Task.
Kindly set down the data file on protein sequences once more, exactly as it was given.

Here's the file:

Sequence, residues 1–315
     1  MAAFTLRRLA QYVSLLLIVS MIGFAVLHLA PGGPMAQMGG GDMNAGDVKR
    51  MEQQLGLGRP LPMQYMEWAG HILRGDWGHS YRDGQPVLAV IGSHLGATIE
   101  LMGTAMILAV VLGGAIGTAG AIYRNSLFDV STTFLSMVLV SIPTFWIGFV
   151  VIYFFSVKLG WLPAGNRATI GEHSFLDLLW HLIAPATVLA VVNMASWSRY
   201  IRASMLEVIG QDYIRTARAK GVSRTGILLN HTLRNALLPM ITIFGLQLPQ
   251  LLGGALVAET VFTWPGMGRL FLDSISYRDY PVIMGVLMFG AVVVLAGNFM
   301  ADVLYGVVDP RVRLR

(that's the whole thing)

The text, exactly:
Sequence, residues 1–315
     1  MAAFTLRRLA QYVSLLLIVS MIGFAVLHLA PGGPMAQMGG GDMNAGDVKR
    51  MEQQLGLGRP LPMQYMEWAG HILRGDWGHS YRDGQPVLAV IGSHLGATIE
   101  LMGTAMILAV VLGGAIGTAG AIYRNSLFDV STTFLSMVLV SIPTFWIGFV
   151  VIYFFSVKLG WLPAGNRATI GEHSFLDLLW HLIAPATVLA VVNMASWSRY
   201  IRASMLEVIG QDYIRTARAK GVSRTGILLN HTLRNALLPM ITIFGLQLPQ
   251  LLGGALVAET VFTWPGMGRL FLDSISYRDY PVIMGVLMFG AVVVLAGNFM
   301  ADVLYGVVDP RVRLR